So let’s put it in Ghidra and go to the interesting functions (CodeCheck_bar & MainActivity_init). I’m using the x86 lib here (but it shouldn’t make any difference if your tool supports that arch).

CodeCheck_bar:

Java_sg_vantagepoint_uncrackable2_CodeCheck_bar(int *param_1,undefined4 param_2,undefined4 param_3)
{
  ...
  if (DAT_00014008 == '\x01') {
    local_30 = 0x6e616854;
    local_2c = 0x6620736b;
    local_28 = 0x6120726f;
    local_24 = 0x74206c6c;
    local_20 = 0x6568;
    local_1e = 0x73696620;
    local_1a = 0x68;
    __s1 = (char *)(**(code **)(*param_1 + 0x2e0))(param_1,param_3,0);
    iVar1 = (**(code **)(*param_1 + 0x2ac))(param_1,param_3);
    if (iVar1 == 0x17) {
      iVar1 = strncmp(__s1,(char *)&local_30,0x17);
      if (iVar1 == 0) {
        uVar2 = 1;
  ...
}

Three parameters? The java code only puts in a byte array.
Seems like it strncmp some hex values with _sl. Is that our input? Does it get transformed?
Let’s first convert those hex values into a string (Ghidra: In asm window > right click on hex > Convert > Char Sequence) and have a look if those make any sense.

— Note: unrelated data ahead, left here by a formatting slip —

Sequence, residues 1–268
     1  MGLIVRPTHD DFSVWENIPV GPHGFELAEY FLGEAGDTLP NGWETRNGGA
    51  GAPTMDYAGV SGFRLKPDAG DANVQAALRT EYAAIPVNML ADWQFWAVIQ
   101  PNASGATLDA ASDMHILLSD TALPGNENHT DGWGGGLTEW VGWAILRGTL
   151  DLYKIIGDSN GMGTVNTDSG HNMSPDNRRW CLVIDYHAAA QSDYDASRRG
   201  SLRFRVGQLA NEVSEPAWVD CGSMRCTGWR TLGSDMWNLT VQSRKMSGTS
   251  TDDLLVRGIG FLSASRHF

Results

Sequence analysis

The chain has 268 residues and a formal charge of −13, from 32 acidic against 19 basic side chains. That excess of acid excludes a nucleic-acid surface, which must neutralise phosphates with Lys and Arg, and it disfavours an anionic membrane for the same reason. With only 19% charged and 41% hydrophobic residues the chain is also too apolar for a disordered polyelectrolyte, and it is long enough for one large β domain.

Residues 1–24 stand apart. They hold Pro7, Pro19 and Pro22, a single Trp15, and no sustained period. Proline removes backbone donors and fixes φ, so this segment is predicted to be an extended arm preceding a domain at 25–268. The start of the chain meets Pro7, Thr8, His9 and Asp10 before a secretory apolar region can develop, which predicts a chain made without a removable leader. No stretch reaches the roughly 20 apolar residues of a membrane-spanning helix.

Converted String

So long and “Thanks for all the fish”?
Was that already the secret? Let’s put it in the app:

Level 2 Success

Okay… That worked? No encryption or encoding? Interesting…

Uncrackable Level 3

The crackme from hell!

First look into the code in MobSF:

  • a xorKey “pizzapizzapizzapizzapizz”
  • Native Function again from libfoo.so: baz, init(byte[]), bar(byte[])
  • It uses an crc checksum of libs & classes.dex in verifyLibs() to check for tampering

Order of Functions:
onCreate():

  • verifyLibs()
  • init(xorkey)
  • Debugger Detection
  • Root Detection
  • Creates CodeCheck object

Verify():

  • Calls check.check_code(input)

check_code(str):

  • bar(str.getBytes()) => native func

What to patch:

  • verifyLibs call
  • Debugger Detection
  • Root Detection

To decompile